Looked at another way, though (and I'm playing devil's advocate here to some extent), if you accept that victims are entitled to the support of the state, someone has to pay for it.

As a rule of thumb, we generally expect people to pay for the damage they do, particularly when it's deliberate. There are notable exceptions (eg, farmers' refusal to pay a fart tax some years ago to cover costs of the environmental damage their industry causes), but we do things like, for example, make people minimise/repair damage done to the environment while building as a condition of their resource consent. So in some circumstances, we accept it's OK to levy the costs of certain things on individuals, not the community.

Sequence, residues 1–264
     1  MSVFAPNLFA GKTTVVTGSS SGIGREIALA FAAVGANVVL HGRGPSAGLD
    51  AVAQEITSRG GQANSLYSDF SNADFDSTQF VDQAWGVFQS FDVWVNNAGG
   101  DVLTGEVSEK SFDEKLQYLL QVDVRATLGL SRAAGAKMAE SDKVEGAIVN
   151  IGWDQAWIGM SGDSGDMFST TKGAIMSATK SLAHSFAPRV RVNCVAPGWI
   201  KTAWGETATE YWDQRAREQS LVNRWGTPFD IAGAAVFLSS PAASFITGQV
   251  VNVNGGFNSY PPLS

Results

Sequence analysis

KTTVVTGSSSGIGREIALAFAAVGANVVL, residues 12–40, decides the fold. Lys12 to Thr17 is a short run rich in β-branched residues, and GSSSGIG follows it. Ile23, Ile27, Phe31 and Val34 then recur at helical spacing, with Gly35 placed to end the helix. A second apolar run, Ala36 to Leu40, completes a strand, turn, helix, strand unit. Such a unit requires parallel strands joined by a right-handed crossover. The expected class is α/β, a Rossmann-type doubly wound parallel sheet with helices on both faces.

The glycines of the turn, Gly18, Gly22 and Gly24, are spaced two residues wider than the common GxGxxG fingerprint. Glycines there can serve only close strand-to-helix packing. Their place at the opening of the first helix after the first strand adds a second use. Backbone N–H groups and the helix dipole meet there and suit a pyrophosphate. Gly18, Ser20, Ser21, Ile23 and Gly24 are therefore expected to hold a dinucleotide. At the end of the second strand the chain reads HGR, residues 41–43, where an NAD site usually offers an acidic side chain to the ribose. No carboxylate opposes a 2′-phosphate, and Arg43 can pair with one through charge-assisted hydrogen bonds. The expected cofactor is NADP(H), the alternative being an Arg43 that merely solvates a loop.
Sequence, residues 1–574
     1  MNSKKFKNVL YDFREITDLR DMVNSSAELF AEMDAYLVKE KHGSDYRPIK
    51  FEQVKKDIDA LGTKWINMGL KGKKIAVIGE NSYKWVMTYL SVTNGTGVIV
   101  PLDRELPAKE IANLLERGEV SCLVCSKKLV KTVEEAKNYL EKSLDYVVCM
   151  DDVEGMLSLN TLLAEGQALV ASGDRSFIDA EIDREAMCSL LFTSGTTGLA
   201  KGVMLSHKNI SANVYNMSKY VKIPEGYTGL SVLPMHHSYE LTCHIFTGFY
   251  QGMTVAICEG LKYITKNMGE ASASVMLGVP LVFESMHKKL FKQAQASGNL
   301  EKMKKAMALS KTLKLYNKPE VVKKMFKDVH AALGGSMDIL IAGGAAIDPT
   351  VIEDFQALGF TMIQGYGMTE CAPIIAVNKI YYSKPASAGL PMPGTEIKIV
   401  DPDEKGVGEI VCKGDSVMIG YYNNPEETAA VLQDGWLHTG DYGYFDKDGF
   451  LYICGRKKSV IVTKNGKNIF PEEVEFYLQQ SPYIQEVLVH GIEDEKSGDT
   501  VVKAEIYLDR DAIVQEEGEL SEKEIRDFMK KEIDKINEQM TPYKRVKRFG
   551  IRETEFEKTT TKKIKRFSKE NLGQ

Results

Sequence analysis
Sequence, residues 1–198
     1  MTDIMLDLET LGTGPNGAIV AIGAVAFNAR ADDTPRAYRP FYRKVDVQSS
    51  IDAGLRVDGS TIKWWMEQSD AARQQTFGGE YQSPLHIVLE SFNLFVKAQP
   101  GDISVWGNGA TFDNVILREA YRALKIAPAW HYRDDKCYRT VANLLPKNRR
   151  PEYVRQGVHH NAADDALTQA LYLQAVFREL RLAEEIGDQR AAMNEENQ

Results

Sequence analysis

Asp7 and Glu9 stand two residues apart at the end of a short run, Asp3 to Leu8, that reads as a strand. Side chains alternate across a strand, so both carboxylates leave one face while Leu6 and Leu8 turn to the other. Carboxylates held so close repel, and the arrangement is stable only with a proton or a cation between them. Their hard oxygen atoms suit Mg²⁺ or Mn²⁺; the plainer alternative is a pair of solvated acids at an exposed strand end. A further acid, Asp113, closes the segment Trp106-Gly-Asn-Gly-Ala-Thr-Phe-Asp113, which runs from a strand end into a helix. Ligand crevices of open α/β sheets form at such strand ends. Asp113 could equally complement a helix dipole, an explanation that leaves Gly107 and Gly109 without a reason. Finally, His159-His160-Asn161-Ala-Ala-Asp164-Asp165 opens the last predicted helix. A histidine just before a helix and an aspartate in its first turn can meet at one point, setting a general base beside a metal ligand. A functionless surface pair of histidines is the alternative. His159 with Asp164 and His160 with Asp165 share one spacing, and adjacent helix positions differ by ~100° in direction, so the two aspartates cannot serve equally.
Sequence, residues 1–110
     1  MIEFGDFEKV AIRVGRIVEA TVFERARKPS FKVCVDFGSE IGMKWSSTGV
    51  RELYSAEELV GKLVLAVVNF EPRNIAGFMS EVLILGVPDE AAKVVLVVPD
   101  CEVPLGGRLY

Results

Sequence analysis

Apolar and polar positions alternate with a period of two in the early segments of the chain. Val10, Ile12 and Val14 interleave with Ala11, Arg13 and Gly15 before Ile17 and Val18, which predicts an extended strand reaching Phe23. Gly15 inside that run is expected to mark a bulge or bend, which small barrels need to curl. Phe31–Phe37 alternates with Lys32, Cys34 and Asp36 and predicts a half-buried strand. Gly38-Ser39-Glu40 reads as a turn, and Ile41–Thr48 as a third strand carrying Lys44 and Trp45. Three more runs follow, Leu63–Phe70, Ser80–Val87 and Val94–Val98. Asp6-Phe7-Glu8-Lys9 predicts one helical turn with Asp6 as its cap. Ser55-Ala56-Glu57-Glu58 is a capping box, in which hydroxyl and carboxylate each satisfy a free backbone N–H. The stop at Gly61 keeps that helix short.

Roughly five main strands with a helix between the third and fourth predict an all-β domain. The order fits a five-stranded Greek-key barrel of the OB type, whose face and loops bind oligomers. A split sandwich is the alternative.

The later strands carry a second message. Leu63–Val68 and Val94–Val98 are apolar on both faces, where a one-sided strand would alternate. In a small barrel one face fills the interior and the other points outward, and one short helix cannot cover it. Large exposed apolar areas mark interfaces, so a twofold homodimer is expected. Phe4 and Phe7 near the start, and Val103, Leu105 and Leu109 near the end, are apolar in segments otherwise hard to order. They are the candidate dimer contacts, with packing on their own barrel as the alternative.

The US bail-out is using the public purse to compensate investors and workers who stand to lose out because of the incompentence, greed, and possibly criminality of a small group of people. I thinks that's morally dubious. Is it therefore fair to bill the harm caused by another group (those who break the law) back to those who don't? In this case, the difference seems to be that most of the people likely to be affected are poor. When the Blue Chip guy Petrovic (sp?) had his sports car confiscated by the court, no one gave a shit, least of all me.

So if this weren't a poll tax - ie, if it recognised differing abilities to pay, or different magnitudes of crime (damage caused) with differential rates - would it be so objectionable?

I'm aware that I'm neatly avoiding the larger issues of the sociological causes of crime here!